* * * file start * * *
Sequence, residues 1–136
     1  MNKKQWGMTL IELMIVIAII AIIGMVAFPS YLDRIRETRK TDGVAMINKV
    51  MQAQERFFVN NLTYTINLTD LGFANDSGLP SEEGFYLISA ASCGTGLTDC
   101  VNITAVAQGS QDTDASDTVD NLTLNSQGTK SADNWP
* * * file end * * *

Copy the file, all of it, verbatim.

Sequence, residues 1–136
     1  MNKKQWGMTL IELMIVIAII AIIGMVAFPS YLDRIRETRK TDGVAMINKV
    51  MQAQERFFVN NLTYTINLTD LGFANDSGLP SEEGFYLISA ASCGTGLTDC
   101  VNITAVAQGS QDTDASDTVD NLTLNSQGTK SADNWP